Over the years, the typos reproduced and mutated in a manner that had me afraid that I might wake one morning to find that they had evolved into something particularly virulent and maybe even achieve self-awareness.

Finally, a couple years ago, after having told nearly two thousand students over the better part of a decade that they should learn how to write software and program themselves out of jobs, rather than wait until someone else to did it for them, I decided to program myself out of a job. I’m not there yet, but I learned recently that I am closer than I had suspected, and that doing so has improved my teaching performance dramatically.

In a fit of frustration and in a mood to show off a bit, I followed my own advice to solve whatever problem annoys you the most, and converted those contemptible paper printouts into the first version of the online practice utilities linked to above.

During the first semester, students and I identified errors and omissions that, once corrected stayed corrected, and the flood of emailed pleas for help just prior to exams fell from a firehose to a trickle. This is in large measure, I since have learned, because I took the time to incorporate randomly generated values into the problems. In essence, anyone, anywhere in the world can create seemingly infinite variations on the questions posted, just by clicking the Reload button.

In response to the few cries for help that I do receive, I tend to post my replies in this Blog area, and respond more often than not with the URL of the post that addresses the question, along with exhortations to practice, practice, PRACTICE. When a student asks for further clarification, I edit my follow-up response into the existing post.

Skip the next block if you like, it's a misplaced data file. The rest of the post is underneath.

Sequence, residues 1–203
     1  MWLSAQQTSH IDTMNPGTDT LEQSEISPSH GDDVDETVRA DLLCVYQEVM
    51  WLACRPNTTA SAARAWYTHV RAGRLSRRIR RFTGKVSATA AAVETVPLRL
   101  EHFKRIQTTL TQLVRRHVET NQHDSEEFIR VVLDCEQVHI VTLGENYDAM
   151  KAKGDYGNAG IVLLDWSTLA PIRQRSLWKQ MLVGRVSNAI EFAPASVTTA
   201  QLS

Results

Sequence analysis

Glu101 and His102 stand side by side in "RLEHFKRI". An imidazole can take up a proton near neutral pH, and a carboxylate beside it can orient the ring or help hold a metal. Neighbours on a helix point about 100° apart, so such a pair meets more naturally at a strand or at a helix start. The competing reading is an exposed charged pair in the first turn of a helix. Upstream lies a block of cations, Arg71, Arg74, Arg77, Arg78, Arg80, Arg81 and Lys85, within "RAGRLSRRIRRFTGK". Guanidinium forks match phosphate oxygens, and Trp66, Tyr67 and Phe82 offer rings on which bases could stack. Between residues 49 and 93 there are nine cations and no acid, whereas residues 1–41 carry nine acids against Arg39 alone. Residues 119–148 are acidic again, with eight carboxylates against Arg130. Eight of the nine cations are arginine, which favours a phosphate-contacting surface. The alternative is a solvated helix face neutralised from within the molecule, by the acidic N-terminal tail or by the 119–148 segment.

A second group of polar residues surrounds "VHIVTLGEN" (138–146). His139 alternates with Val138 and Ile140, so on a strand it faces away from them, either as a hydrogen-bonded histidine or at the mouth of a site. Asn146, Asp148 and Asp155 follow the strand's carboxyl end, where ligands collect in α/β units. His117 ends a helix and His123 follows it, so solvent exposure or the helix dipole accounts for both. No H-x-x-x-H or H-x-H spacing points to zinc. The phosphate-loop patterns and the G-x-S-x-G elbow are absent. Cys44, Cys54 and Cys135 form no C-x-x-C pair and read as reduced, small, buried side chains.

Shortly after I integrated those sets into my classes, I noticed a dramatic improvement in my students’ test scores and subsequently cranked up the pressure by asking more realistic (read ‘harder’) questions. For the Advanced Managerial Finance class, which we hold in computer labs, I have my students build spreadsheets that replicate each of the practice utilities and use those to answer some sample questions.

The first time that I was asked to teach Principles of Managerial Finance—one of the handful of dreaded required courses that all students in the College of Business must pass—online, I cringed at the thought of my students suffering in solitude, armed with only a textbook and the accompanying publisher-produced practice questions that are more about solving dense and clever puzzles than about preparing for a career of drafting business plans, seeking investment, and managing working capital accounts.

I envisioned each of them cowering in the dark by the light of a kerosene lantern, in a dank and fetid shack with the wind howling, panthers screaming into the night, and alligators banging their massive tails on the kitchen door—we’re in South Florida; that kind of thing can happen from time to time—as they tried to make sense of some of concepts that run exactly counter to virtually everything that their high school teachers and most politicians have told them most of their lives, like the promise of a benefit in the future is worth less than an actual benefit now, you will not necessarily be rewarded for bearing risk, there is a cost for every benefit, and the future is unknowable although it is not unimaginable. That, and we say it with algebra.